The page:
Tag: weekly column
With a vivid retelling of a story from the sage poet Rumi, Omid Safi on the wisdom of chickpeas and going from a state of hardness to one of softness — and being on fire.
Father’s Day is just around the corner in the U.S. Parker Palmer shares some of his dad’s most humorous gems and a poem by Dana Gioia to celebrate all the men in our lives.
To be faithful and to practice faith in the Buddhist sense of the word, one must walk a path of doubt — one of honest questioning and active investigating. An enlightening column from Sharon Salzberg.
Compartmentalizing can be a useful tool — whether dealing with the empty voids of our working lives, or the prolonged absence from the ones you love — in making it possible to live a whole life.
How can we encourage our children (and ourselves) to work hard at mastering skills that evade us? Courtney Martin on delaying judgment, giving time to develop grit and resilience, and flailing at those things we’re not naturally good at.
With news reports swirling about the fallibility of structures, the Buddha’s teachings on volition point us to the crucial importance of our own intentions, the responsibility in our actions, and therefore for our own freedom. An outlook on a way forward to our own accountability.
How we ask each other questions can evoke a deeper sense of self. Words of advice from Parker Palmer and a poem by Denise Levertov on the power of asking with good intention, and hearing each other into being.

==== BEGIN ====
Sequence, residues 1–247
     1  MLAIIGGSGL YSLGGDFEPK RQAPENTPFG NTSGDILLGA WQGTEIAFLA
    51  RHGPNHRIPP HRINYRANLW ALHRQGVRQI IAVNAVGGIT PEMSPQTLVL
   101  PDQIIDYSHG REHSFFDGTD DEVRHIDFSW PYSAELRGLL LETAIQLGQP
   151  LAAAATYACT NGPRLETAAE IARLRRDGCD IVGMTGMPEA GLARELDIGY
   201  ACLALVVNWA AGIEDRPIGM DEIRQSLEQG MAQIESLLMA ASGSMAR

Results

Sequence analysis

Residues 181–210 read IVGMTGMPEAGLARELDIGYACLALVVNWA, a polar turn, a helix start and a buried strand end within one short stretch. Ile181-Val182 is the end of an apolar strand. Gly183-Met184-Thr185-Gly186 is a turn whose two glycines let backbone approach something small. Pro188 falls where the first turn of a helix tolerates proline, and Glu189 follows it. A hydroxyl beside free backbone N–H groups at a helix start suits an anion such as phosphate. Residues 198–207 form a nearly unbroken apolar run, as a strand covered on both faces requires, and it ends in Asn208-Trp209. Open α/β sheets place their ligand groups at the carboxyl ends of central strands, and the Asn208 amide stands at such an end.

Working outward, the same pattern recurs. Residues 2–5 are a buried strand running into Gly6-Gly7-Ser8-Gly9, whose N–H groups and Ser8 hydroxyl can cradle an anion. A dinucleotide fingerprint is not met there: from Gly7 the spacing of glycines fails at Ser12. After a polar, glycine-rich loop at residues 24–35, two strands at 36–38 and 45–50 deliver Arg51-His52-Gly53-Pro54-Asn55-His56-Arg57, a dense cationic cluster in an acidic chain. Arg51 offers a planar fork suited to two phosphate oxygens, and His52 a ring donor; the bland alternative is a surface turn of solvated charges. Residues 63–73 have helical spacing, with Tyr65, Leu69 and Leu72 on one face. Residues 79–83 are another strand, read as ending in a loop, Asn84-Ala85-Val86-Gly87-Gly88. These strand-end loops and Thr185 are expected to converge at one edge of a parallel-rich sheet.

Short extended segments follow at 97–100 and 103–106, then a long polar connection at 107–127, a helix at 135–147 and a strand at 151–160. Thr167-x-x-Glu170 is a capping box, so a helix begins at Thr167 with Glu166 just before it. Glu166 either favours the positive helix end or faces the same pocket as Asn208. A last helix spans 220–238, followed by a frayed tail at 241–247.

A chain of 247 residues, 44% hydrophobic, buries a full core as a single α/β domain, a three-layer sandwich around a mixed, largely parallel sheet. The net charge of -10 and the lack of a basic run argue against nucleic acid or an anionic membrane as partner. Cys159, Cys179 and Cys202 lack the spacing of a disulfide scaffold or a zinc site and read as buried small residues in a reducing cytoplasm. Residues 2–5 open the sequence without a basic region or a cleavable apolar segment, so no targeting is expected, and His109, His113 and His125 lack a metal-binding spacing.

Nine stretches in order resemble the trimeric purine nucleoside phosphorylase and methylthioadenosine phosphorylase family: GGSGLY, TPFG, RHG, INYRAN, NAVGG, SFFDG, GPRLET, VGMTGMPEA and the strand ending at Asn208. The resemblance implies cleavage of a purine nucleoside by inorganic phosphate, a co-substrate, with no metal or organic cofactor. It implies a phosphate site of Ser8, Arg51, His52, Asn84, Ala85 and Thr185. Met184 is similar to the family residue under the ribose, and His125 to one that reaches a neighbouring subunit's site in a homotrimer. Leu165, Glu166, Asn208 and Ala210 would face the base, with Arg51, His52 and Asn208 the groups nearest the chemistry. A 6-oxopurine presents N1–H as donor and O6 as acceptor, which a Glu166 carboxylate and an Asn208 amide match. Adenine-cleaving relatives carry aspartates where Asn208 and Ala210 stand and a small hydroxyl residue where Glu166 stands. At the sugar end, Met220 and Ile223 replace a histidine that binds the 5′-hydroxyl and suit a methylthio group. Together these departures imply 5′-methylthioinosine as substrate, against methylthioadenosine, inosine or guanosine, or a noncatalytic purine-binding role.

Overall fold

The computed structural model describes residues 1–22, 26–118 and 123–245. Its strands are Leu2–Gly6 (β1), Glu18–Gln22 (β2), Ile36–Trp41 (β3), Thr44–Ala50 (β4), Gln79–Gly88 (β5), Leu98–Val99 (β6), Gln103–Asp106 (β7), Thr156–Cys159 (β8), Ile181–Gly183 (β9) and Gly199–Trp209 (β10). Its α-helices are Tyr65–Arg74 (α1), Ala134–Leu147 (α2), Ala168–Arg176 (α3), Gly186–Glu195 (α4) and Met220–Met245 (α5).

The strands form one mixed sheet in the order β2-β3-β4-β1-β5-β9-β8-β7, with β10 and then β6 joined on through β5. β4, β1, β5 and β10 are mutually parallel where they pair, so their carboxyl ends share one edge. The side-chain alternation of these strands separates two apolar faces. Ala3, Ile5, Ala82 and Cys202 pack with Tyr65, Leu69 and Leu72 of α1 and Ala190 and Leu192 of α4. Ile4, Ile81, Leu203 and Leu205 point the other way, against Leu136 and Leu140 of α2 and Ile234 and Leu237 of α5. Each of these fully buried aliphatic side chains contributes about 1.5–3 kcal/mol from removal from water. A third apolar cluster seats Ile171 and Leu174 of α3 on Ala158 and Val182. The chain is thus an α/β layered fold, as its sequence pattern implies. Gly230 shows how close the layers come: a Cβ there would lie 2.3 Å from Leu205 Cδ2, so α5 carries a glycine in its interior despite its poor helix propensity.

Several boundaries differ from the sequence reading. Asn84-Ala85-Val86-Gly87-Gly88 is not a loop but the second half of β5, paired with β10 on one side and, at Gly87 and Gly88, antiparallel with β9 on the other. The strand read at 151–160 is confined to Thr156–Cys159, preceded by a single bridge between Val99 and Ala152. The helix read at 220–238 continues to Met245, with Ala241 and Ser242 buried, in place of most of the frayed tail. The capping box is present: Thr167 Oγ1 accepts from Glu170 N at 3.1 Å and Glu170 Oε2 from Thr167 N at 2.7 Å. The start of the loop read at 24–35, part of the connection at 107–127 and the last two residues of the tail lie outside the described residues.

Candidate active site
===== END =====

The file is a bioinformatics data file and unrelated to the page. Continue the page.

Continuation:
The act of letting go is a popular idea — but it isn’t easy. It’s a practice requiring time, patience, and a good deal of steadfastness. Words of wisdom on acknowledging an experience and changing our relationship to it.
Rilke asks us to live the questions. Socrates says the unexamined life is one not worth living. But, staying awake to the moral complexities of one’s actions is not a quiet prospect.
Zayn Malik’s announcement crushed millions of fans’ hearts, including that of our columnist Omid Safi. Despite the comforting scenario painted by Stephen Hawking, Omid prefers this one universe, this one place we call home.
The word “depression” is used to describe a personal condition as well as large-scale economic collapse. Parker Palmer shares a story of personal story of his last encounter with depression and two interviews that talking about depression and economic crisis.
To truly meet each other “that mysterious junction of suffering and love could well be the most truthful and potent place.”
Metaphors of light and reflection abound. But what about the metaphors of mirror and mirroring. Omid Safi holds that image with palms up and open.
A trip down the Grand Canyon (and, of course, a poem) reveals a truth and shows us all that we are most whole when we live in the layers of our being.
We all have one of those transcendent moments when we’re immersed in nature and experience the immensity of it all. On this Earth Day, Parker Palmer shares one of those times while camping in the Grand Canyon.
Generosity is the tissue that connects us to ourselves, to others, and to life itself. And it’s a practice — one that has meaningful benefits to our mental and physical health, as well as our relationships with others.
American optimism is often lauded as a virtue in today’s world. Omid Safi offers an alternative: hope.
To constantly grow and serve and change, Sharon Salzberg says, we must be resilient with ourselves and the effort that it takes to care for oneself and the others in our lives.